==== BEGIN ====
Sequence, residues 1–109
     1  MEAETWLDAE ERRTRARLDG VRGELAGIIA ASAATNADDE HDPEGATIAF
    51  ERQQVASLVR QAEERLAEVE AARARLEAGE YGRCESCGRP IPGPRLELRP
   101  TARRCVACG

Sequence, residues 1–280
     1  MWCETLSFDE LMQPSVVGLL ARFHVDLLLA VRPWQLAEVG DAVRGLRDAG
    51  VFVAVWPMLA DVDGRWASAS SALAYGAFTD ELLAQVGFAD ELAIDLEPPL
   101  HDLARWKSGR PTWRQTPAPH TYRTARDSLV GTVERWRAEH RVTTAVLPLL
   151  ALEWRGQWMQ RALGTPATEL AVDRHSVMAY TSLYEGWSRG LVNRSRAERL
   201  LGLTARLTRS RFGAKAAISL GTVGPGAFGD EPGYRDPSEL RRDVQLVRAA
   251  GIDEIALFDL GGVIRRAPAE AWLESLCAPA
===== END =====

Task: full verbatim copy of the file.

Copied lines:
Sequence, residues 1–109
     1  MEAETWLDAE ERRTRARLDG VRGELAGIIA ASAATNADDE HDPEGATIAF
    51  ERQQVASLVR QAEERLAEVE AARARLEAGE YGRCESCGRP IPGPRLELRP
   101  TARRCVACG

Sequence, residues 1–280
     1  MWCETLSFDE LMQPSVVGLL ARFHVDLLLA VRPWQLAEVG DAVRGLRDAG
    51  VFVAVWPMLA DVDGRWASAS SALAYGAFTD ELLAQVGFAD ELAIDLEPPL
   101  HDLARWKSGR PTWRQTPAPH TYRTARDSLV GTVERWRAEH RVTTAVLPLL
   151  ALEWRGQWMQ RALGTPATEL AVDRHSVMAY TSLYEGWSRG LVNRSRAERL
   201  LGLTARLTRS RFGAKAAISL GTVGPGAFGD EPGYRDPSEL RRDVQLVRAA
   251  GIDEIALFDL GGVIRRAPAE AWLESLCAPA